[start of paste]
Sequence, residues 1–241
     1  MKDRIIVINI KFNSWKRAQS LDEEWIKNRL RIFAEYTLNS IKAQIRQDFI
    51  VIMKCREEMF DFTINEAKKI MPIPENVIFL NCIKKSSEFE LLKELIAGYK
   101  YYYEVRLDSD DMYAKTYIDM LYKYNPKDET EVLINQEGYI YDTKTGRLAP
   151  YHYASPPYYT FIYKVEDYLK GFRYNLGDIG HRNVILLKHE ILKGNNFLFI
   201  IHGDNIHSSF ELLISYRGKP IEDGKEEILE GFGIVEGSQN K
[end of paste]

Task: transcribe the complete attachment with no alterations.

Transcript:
Sequence, residues 1–241
     1  MKDRIIVINI KFNSWKRAQS LDEEWIKNRL RIFAEYTLNS IKAQIRQDFI
    51  VIMKCREEMF DFTINEAKKI MPIPENVIFL NCIKKSSEFE LLKELIAGYK
   101  YYYEVRLDSD DMYAKTYIDM LYKYNPKDET EVLINQEGYI YDTKTGRLAP
   151  YHYASPPYYT FIYKVEDYLK GFRYNLGDIG HRNVILLKHE ILKGNNFLFI
   201  IHGDNIHSSF ELLISYRGKP IEDGKEEILE GFGIVEGSQN K